Sunday, May 24, 2009

May 24: Béla Fleck And The Flecktones, "Béla Fleck And The Flecktones"

Artist: Béla Fleck And The Flecktones
Album: Béla Fleck And The Flecktones
Year: 1990
Label: Warner Bros.

Though it is certainly not the most popular instrument around, and it has gained an unnecessary stereotype, the banjo remains one of the most wonderfully diverse instruments around. When properly played, it is able to convey soulful, slow moods as well as eccentric, hyper-speed feelings with equal power. Though primarily associated with bluegrass music, one man has spent more than twenty years re-writing the books on what can be done with a banjo. Béla Fleck is undoubtedly the most talented banjo player on earth, and from jazz to bluegrass to classical, he is constantly pushing the boundaries on what one should expect from the instrument. Having worked solo as well as with a number of different artists, most of his finest work comes when he works with his “normal” backing band, The Flecktones. Béla Fleck And The Flecktones have released nearly ten albums since the early 1990's, but their finest work may be on their 1990 debut record, Béla Fleck And The Flecktones.

The music of Béla Fleck And The Flecktones falls somewhere between jazz, bluegrass, new-age, and funk. Though the album features a number of session musicians, the band proper is simply four of the most innovate and creative artists you'll find anywhere. With a total of zero lyrics on the album, Béla Fleck And The Flecktones relies completely on the musical prowess of the band, and the record in no way disappoints. Every song, minus Beatles-inspired "Reflections Of Lucy" were composed entirely by Fleck, and this shows that his talent in musical composition is equal, if not somehow superior to his banjo playing talents. Produced entirely by the band themselves, the album cracked the Top 20 on the jazz charts, and also earned the album a Grammy nomination for "Best Jazz Album." Strangely enough, the bands' 1997 live version of "The Sinister Minister" would, in fact, win the Grammy for "Best Jazz Performance." Though their later work would be both chart toppers, as well as Grammy winners, it is on Béla Fleck And The Flecktones that one can find and experience the amazing groundwork for these later triumphs.

Béla himself takes center stage on many of the tracks, but each band member has plenty of time throughout the album to showcase their musical skill. From slow, soulful movements, to lightning-fast pick burners, Béla shows time and time again why he is so highly respected throughout the musical community. However, when it comes down to it, on Béla Fleck And The Flecktones, Béla himself may very well be the LEAST innovate artist on the album. From the harmonica and guiro of Howard Levy to the programed drums and synth work by the man known as “Futureman,” (who is, in reality, the brother of bass legend, Victor Wooten) the Flecktones bring with them a cavalcade of musical expertise. Futreman is also notorious for sporting his one-of-a-kind "drumitar" at the amazing live performances of Béla Fleck And the Flecktones. Using all of these various instruments help to form soundscapes from space-age jazz to country-fused blues to some that simply defy description. It is this seemingly endless range of instrumentation that helps to bring even greater depth to Béla Fleck And The Flecktones.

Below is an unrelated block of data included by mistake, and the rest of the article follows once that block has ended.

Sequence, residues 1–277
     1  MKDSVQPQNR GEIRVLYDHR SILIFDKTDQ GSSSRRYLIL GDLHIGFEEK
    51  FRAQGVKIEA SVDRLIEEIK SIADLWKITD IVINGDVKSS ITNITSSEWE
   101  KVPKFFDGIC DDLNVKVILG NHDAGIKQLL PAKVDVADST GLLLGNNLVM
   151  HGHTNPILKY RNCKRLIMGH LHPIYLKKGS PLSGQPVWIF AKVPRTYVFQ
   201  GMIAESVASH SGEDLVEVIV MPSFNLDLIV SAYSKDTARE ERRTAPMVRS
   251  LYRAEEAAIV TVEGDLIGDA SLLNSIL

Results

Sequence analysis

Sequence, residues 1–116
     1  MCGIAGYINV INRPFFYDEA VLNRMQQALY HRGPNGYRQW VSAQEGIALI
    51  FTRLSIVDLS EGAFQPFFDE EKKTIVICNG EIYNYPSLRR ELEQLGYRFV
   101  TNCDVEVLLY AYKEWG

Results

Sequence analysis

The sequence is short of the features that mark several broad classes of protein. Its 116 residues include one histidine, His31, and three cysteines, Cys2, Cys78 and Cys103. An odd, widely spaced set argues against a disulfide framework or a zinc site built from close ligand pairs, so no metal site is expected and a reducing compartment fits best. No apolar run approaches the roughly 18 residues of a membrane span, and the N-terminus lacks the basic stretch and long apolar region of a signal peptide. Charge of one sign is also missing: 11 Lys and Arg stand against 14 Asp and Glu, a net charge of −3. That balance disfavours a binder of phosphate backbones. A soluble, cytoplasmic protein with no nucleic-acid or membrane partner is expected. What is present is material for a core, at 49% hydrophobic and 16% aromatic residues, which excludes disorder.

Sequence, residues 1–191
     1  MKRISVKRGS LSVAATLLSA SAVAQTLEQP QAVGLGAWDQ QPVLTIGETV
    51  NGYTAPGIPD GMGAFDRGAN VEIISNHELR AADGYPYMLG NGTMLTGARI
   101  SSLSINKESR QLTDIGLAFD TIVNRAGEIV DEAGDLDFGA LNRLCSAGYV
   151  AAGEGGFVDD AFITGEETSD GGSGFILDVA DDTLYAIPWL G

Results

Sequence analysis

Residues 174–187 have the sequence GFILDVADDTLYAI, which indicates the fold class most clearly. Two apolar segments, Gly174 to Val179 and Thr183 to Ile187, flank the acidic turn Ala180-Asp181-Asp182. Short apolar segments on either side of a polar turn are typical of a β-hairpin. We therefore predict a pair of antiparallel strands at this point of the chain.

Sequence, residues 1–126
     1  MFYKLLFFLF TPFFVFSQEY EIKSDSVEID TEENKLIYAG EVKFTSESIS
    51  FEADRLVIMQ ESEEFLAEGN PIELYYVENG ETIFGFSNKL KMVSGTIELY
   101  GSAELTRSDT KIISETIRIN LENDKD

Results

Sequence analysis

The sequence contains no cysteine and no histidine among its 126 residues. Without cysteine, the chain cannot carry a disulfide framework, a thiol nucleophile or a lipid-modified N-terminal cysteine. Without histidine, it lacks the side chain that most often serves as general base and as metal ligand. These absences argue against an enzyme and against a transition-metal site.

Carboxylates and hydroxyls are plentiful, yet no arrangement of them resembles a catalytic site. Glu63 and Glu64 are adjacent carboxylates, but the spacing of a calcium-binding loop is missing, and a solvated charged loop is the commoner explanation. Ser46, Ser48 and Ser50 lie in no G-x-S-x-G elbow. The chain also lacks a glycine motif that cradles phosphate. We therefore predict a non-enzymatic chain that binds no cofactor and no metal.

As if the amazing talents of Béla weren’t enough, one third of The Flecktones is represented by the man who is arguably the greatest living bass player, Victor Wooten. Playing and innovating the instrument like nobody else on the planet, Wooten’s contributions are just as important as those of Béla, and the combination of the two is often nothings short of stunning. At their live shows, it is not uncommon for the duo to play the others' instrument mid-song, often trying to "mess" the other up, yet either musician rarely falters. Routinely approaching the bass with a "slap" or "pop" method, as opposed to the "normal" approach, the sound that Wooten produces, as well as the speed and variation he brings makes the basswork on Béla Fleck And The Flecktones sound like no other anywhere. There are even a few stunning moments on the album where Wooten goes all out and is truly doing "banjo rolls" on his bass, a feat that proves nearly impossible for nearly all other mortal bass players.

The terms "modern jazz" and "new age" have been thrown about carelessly over the past two decades. Nearly any artist that performs with minimal to no vocals, or is somehow "beyond description" gets tossed into one of these two categories. Bringing bluegrass roots and fusing it together with funk, blues, jazz, and electronica, the music of Béla Fleck And The Flecktones does, in fact, defy genre categorization. However, regardless of what you choose to "call" the music, there is no arguing that the music itself is nothing short of phenomenal. Easily accessible to any and all music fans, Béla Fleck And The Flecktones make some of the most original, yet undeniably fun and enjoyable music you'll find anywhere in the modern music scene. While each member spends ample time doing solo and side projects, when Béla Fleck And The Flecktones come together as a group, they are easily one of the most talented and extraordinary music groups on the planet. Though each of their albums is worth owning and enjoying, to truly understand how they came to their current place, one must own their stunning, self titled 1990 debut record.

Standout tracks: "Sea Brazil," "Sunset Road" and, "Tell It To The Gov'Nor."

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